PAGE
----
the committee finds that TCE and similar solvents may have potential etiologic relevance in the development of Parkinson’s disease. The committee concludes that Parkinson’s disease is a neurobehavioral effect that may have resulted from the consumption of the contaminated drinking water at Camp Lejeune. This conclusion is based on the positive trends of increased risks from occupational and drinking water exposures reported by Goldman et al. (2012), NRC (2009), and Bove et al. (2014b). … [T]he committee recommends including Parkinson’s disease as an outcome associated with exposure to TCE and PCE.
The VA Committee finding from 2015 continues to reflect the scientific consensus regarding the connection between Parkinson’s disease and Camp Lejeune.
Camp Lejeune Parkinson’s Disease Claims Under New Federal Law
For many years, the victims of the water contamination at Camp Lejeune have been blocked from bringing civil lawsuits and getting compensation from the injuries. These Camp Lejeune tort lawsuits have been dismissed under a North Carolina law called a statute of repose. Now, however, Congress is in the verge of passing a new law that will give Camp Lejeune victims the right to bring claims for their injuries.
The Camp Lejeune Justice Act (CLJA) was merged into a larger bill called the Honoring Our Pact Act and passed by the House in March. An amended version of the law was passed by the Senate in June 2022 and is set for reapproval by the House very soon.
Once the CLJA is signed into law, Camp Lejeune victims will have a 2 year window to file tort claims for injuries related to the water contamination. The law specifically prevents the use of the North Carolina statute of repose to dismiss these cases. Plaintiffs will still need to prove their claims, but the CLJA adopts a lowered standard of proof which states that causation can be established if the plaintiff can cite a study linking their injuries to the Lejeune water contaminants.
The report from the VA Committee identifies multiple studies indicating that Parkinson’s disease may be linked to the water contamination at Camp Lejeune. The strongest evidence cited by the VA Committee is a 2012 study entitled Solvent exposures and Parkinson’s disease risk in twins, Annals of Neurology 2012;71(6):776-784 (the “Goldman Study”). The Goldman Study found that occupational exposure to the chemical solvents in the Lejeune water supply (TCE and PCE) were “associated with a significantly increased risk of Parkinson’s disease.”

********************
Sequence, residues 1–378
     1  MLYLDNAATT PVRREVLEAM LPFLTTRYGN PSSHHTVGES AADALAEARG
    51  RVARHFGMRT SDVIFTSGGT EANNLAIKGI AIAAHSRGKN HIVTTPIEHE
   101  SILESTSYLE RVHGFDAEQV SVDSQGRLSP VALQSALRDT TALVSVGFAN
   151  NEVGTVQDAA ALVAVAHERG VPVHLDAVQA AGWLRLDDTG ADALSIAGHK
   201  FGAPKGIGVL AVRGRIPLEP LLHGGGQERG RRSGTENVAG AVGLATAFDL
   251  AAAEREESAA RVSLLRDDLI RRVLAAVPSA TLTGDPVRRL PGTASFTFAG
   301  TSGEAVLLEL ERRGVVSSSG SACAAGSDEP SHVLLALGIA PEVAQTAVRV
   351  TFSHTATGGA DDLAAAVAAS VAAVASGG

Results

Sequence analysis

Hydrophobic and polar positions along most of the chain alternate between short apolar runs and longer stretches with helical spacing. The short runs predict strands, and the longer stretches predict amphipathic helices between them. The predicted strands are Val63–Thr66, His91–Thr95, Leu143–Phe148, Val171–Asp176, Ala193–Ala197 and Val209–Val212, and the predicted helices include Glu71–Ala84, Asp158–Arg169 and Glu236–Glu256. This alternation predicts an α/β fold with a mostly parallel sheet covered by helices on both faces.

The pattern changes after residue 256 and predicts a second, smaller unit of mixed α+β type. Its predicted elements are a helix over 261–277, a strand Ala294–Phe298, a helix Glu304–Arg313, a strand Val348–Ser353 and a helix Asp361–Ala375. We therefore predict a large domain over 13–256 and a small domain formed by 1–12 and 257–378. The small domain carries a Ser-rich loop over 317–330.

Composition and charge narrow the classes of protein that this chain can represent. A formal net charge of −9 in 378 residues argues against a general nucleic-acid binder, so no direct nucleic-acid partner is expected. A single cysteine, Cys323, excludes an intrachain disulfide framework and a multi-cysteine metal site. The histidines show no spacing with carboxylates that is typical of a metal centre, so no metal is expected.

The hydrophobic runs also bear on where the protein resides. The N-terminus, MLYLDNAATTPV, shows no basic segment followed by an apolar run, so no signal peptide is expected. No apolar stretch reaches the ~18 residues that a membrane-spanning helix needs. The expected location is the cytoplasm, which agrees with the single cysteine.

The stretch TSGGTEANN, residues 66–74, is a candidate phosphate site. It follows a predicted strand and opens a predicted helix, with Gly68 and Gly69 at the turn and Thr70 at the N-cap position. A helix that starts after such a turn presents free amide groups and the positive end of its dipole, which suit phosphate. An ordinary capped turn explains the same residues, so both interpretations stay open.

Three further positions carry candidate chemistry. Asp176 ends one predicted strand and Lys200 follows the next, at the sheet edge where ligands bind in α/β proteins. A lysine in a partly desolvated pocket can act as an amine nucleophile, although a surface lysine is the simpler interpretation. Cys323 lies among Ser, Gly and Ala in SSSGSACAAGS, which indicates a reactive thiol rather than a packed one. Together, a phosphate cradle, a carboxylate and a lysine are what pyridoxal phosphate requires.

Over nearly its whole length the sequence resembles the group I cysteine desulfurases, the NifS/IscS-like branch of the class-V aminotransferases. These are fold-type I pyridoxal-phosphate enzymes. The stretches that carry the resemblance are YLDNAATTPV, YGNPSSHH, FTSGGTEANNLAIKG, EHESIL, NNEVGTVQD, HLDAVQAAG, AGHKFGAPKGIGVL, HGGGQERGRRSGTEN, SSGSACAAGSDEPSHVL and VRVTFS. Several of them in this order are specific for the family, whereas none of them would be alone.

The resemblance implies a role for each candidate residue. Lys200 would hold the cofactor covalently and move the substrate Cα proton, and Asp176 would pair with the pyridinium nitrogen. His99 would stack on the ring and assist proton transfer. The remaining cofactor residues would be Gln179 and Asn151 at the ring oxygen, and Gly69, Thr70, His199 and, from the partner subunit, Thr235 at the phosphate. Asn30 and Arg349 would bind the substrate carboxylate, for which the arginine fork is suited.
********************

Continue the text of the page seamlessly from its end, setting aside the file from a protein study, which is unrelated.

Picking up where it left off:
The Goldman Study found that individuals with long-term occupational exposure to TCE were 6 times more likely to be diagnosed with Parkinson’s disease compared to those without TCE exposure. The evidence was even stronger for PCE. Exposure to PCE made individuals 10 times more likely to develop Parkinson’s disease. The Goldman Study also found evidence indicating that duration of exposure to TCE or PCE was a key factor in the development of Parkinson’s disease.
The VA Committee findings and the Goldman Study could potentially be enough to establish causation in a Camp Lejeune claim involving Parkinson’s disease, at least under the lowered standard of proof established by the CLJA.
Settlement Value of Parkinson’s Disease
It is too early to say for certain what the average settlement value will be for Camp Lejeune water contamination lawsuits. We can, however, estimate the potential settlement value of Camp Lejeune cases based on verdicts and reported settlements in prior tort cases involving similar injuries.
In our view, Camp Lejeune cases involving Parkinson’s disease will have a settlement value between $175,000 and $400,000. We are basing this on settlement payouts in other cases involving Parkinson’s disease.
Contact Us About a Camp Lejeune Parkinson’s Disease Lawsuit
If you lived or worked at Camp Lejeune between 1953 and 1987 and were subsequently diagnosed with Parkinson’s disease, contact our office today to see if you may be eligible to file a claim.